Chefette Rebecca hard at work creating another masterpiece dish.

This was her first effort of the afternoon, a risotto of chicken and smoked bacon with green beans and parmesan, surrounded by an infusion of fresh herbs in olive oil.

Next, roasted monkfish with cracked black pepper and parsley butter on a bed of crushed potatoes, roasted green beans and tomatoes with fresh rosemary. Monkfish is a good starter fish for aspiring chefs, although pricey, it has no fiddly bones, it has a really firm texture and when cooked really simply like this, it tastes great.

This was the final dish of the afternoon, and a stunner. Roast duck breast with honey and orange glaze, chinese noodles and a stir fry of baby corn, beansprouts and pak choi. The sweetness of the honey sauce was temepered with soy sauce and balsamic vinegar and Rebecca reduced the sauce to reach a fantastic concentration of flavour.

A good afternoons work, and the best thing is, you have to eat all this stuff to check how good it is. This week we're going to do choux pastries, chocolate mousses and other sweet things.

Thursday, August 12, 2004

Restaurant Review - Tubby Wadlow's, Ilkley *****

We didn't book, which was almost a mistake as we got the very last table just ahead of another walk in couple. The first thing to impress me about Tubby Wadlow's was the staff, two gents, bright, polite, very efficient.

We had drinks at the bar, G&T, lemonade, pondered the menu with it's modern English and French combinations and wide range of mussel dishes. I brought Mrs YS here because she loves mussels, sometimes she finds the flavour combinations of posh restaurants too busy for her palette but Wadlows suited her (and me) just fine.

Our order was taken promptly, I perused the wine list for a while before opting for a half bottle of good, Chilean Merlot. The restaurant, which seats about 40, was by now full, I had a sudden flashback to a nightmare dining experience at Steps (just over the road) last year when it was nearly an hour and a half before starters arrived in a restaurant that was less than half full, but not here.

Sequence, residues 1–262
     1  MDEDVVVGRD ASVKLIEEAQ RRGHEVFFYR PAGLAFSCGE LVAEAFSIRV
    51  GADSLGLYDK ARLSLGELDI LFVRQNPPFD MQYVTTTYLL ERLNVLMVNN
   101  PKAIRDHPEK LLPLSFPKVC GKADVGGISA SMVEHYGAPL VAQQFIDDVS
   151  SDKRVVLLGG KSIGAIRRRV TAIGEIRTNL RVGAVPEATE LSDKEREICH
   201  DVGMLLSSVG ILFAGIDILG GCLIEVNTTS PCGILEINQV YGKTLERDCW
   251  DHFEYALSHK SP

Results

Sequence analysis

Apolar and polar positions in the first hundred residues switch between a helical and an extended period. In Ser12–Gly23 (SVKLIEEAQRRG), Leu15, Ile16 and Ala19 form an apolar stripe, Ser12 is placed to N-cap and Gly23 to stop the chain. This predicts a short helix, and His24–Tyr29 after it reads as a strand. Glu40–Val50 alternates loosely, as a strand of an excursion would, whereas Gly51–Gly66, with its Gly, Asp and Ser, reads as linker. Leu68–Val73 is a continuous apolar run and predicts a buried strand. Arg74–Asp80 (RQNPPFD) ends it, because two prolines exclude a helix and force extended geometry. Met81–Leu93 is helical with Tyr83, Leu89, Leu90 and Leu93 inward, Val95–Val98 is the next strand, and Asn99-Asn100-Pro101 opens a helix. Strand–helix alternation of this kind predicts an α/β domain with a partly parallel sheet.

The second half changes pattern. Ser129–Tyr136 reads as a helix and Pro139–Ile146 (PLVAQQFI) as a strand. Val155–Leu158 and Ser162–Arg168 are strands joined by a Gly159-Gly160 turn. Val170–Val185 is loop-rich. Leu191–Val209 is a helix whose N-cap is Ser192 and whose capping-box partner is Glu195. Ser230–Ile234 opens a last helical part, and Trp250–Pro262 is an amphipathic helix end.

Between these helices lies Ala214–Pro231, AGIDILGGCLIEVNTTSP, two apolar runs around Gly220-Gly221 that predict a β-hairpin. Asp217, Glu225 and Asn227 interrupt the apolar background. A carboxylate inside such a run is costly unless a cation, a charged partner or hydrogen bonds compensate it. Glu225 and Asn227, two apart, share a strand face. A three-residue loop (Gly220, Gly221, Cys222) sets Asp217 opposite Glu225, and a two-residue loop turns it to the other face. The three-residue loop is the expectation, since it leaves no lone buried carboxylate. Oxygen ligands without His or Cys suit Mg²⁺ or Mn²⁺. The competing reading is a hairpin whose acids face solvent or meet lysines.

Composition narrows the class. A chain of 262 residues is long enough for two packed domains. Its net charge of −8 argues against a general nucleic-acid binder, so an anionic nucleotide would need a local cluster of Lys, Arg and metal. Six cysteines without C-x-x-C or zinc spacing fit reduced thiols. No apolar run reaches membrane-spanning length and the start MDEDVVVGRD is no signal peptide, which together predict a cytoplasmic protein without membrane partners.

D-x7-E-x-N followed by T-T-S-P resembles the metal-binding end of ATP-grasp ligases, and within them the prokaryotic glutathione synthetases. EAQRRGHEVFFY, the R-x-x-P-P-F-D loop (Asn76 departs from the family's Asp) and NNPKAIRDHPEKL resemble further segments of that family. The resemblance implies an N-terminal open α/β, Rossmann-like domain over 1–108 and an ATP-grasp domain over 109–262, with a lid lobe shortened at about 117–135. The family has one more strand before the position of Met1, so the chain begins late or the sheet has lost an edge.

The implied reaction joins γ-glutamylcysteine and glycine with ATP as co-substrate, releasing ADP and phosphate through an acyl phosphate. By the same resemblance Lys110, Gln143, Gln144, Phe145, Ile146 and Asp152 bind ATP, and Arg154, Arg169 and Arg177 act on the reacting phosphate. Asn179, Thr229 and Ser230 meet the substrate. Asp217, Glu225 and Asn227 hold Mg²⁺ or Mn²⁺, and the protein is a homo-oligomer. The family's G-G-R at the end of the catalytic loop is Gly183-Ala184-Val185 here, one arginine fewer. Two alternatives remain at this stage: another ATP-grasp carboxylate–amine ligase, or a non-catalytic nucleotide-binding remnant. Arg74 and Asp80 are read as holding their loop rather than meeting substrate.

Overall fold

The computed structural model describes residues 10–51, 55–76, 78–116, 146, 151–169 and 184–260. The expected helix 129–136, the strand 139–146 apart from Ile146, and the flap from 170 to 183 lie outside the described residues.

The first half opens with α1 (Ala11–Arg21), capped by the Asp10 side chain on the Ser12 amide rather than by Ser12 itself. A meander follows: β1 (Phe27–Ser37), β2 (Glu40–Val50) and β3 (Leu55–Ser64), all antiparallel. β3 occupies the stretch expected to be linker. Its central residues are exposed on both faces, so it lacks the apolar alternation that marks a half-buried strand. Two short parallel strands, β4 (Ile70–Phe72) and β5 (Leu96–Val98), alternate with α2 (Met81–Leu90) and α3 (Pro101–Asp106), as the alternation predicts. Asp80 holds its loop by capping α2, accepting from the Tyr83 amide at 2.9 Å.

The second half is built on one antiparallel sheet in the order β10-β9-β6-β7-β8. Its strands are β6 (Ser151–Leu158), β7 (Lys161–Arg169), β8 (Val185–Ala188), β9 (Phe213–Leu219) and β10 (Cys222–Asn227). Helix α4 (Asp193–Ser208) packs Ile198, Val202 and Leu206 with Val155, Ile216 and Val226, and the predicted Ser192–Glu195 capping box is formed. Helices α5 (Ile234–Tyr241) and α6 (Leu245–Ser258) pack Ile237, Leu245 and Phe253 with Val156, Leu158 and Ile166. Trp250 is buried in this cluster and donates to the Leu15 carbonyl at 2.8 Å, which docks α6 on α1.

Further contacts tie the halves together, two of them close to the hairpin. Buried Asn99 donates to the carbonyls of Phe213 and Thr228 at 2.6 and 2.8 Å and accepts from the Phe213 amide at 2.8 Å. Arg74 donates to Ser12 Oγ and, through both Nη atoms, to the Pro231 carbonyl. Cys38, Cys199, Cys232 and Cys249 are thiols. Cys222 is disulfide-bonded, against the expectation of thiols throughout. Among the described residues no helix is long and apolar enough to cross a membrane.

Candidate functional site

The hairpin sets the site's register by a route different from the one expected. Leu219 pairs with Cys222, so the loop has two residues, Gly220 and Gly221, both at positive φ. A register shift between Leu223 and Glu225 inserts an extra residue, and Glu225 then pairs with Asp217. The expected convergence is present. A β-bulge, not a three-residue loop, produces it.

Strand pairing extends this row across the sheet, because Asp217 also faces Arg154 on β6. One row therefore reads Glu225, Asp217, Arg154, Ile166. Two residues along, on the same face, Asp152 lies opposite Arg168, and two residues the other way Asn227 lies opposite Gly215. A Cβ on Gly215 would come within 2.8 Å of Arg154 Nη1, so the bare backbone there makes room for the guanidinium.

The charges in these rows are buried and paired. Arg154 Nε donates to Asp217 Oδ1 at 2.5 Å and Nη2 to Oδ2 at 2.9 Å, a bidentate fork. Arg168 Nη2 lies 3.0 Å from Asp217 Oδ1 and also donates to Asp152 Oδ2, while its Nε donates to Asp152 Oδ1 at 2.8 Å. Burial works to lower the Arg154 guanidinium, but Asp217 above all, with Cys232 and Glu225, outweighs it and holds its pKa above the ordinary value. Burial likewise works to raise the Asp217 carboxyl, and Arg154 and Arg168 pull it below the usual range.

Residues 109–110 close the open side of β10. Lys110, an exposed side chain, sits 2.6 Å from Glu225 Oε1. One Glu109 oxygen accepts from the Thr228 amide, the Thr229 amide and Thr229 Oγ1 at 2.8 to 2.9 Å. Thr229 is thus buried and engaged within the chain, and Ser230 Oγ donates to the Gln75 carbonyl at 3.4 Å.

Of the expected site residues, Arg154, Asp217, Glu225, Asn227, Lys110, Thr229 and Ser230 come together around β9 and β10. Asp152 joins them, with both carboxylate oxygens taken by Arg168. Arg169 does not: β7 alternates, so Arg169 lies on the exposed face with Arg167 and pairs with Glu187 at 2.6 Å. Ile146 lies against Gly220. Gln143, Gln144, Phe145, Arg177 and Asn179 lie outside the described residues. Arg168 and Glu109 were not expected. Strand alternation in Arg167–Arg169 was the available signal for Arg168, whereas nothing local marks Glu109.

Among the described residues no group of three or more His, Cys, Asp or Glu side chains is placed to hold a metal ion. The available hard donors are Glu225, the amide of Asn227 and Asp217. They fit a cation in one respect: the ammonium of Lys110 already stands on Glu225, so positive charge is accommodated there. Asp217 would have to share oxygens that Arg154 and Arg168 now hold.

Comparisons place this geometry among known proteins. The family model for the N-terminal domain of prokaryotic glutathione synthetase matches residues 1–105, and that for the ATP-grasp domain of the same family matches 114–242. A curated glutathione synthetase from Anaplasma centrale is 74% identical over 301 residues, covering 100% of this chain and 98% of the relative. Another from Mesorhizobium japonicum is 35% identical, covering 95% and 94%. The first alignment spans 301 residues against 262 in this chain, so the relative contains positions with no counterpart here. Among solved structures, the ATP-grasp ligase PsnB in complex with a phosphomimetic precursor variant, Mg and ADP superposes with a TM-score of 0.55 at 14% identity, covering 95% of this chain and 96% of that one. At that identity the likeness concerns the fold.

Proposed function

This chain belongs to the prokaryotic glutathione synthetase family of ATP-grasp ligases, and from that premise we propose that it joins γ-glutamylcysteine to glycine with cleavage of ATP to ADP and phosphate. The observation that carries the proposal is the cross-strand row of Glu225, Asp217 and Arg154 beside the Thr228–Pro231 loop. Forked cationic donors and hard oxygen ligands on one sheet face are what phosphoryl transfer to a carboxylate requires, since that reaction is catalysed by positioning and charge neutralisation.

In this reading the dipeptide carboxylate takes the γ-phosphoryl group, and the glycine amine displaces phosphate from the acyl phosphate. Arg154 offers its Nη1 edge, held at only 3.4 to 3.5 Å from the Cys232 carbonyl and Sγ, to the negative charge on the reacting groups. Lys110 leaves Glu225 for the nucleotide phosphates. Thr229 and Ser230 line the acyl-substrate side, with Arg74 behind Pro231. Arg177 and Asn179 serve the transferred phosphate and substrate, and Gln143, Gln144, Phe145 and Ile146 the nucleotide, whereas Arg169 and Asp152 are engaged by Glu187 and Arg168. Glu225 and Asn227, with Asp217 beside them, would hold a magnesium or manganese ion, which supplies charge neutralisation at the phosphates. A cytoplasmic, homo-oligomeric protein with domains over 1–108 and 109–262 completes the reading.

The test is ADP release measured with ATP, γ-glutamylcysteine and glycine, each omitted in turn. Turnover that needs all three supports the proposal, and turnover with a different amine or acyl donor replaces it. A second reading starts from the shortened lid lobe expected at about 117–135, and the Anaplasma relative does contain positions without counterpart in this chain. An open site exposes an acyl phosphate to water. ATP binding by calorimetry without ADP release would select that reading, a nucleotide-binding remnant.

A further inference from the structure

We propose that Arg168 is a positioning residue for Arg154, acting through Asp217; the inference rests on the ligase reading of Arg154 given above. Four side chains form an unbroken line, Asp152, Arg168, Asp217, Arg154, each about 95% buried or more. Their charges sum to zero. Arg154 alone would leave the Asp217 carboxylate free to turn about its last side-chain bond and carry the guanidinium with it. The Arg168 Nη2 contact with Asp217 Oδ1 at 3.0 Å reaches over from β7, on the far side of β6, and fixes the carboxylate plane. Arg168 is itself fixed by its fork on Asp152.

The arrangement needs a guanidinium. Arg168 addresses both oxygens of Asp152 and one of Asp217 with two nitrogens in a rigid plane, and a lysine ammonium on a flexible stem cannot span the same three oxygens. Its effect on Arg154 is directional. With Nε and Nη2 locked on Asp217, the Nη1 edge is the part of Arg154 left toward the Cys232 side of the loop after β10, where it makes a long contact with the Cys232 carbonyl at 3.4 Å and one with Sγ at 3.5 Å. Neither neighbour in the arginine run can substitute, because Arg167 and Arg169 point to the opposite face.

Within 15 minutes my tart of goats cheese and asparagus was on the table, nicely presented on a square plate with drizzles of sticky balsamic vinegar. The waiter offered water at the table, and we were not pushed into buying bottled water, he was quite happy to serve us with a jug of Yorkshire's finest Adam's Ale.

For main course I had calves liver, nice and pink, on haggis mash with caramelised shallots and boudin blanc with a beef jus, a splendid medley of complimentary flavours. Mrs YS went for kebabs of (HUGE!) scallops with chorizo and bacon, on mash with a Parmesan cream. Both main courses were fantastic, a good balance of flavours without being overly busy.

In fact most of the menu seems to be this way, chef has obviously tried to be interesting without pushing the parameters too hard, you see so many restaurants (the now bankrupt Negreskis was one) who seem desperate to fill every dish with bizarre flavour combinations and things improbably infused with something wholly inappropriate. The chef here is to be congratulated on his even handed approach to his meals.

We were both too full for dessert, though I was rather tempted by a decent looking selection of cheeses and a short but pleasant selection of desserts.

The bill, with pre dinner drinks, two courses each, a half bottle of wine and a side order of crisp summer vegetables, was about £57, not cheap I'll agree, but it was very, very good and we will be back.

Restaurant Review - The Farsyde, Ilkley ****

This is the first time I have been to The Farsyde since it moved to its new premises ages ago. We popped in for lunch and were shown strait to a table by the smart and polite staff.

You get the choice of a three course lunch menu, with about three choices on each course, for £11.95, or to choose from the varied lunch menu which includes full meals, lighter snacks and sandwiches.

As I was playing football later (rather badly as it turned out) I went for a risotto of Thai chicken, bacon and chorizo accompanied by a salad of rocket and Parmesan (which seems to be the 'in' salad for all Ilkley eating houses) at £7 for both dishes , Mrs YS went for a prawn sandwich and chips.

Glasses of very acceptable house sauvignon blanc were £2.30, lemonade about a quid.

The risotto was lovely, moist, creamy and filled with thinly sliced meats, I wasn't sure what was Thai about the chicken, but it was most succulent. Very well presented with a lemongrass dressing around the plate and some fresh leaves on top, the rocket was fresh, crisp and peppery and had plenty of Parmesan shavings. Mrs YS's sandwich was also good, plenty of prawns and sauce in lovely, fresh white bloomer.

Lunch cost about £17 with two drinks each and I would highly recommend dropping in. I gather that evenings are often busy, and that you may have to book weeks in advance to get a table at the weekend.
Restaurant Review - Here's Johnny's, Cardigan Fields, Kirkstall, Leeds *

The music is booming, it's half past three and we are the only people in the place, I didn't ask for it to be turned down as I have come across the 'company policy' line far too often. I can't work out why we're listening to Sean Paul but watching the videos of ZZ Top on the numerous tv screens.

Food, well, it just about qualifies. We opted for a mixed starter, the ludicrous name escapes my memory, composed of.........
6 breaded mushrooms
4 half chicken wings from a very small chicken
2 scooped out bits of potato skin with no filling
a handful of tortilla chips with a little cheese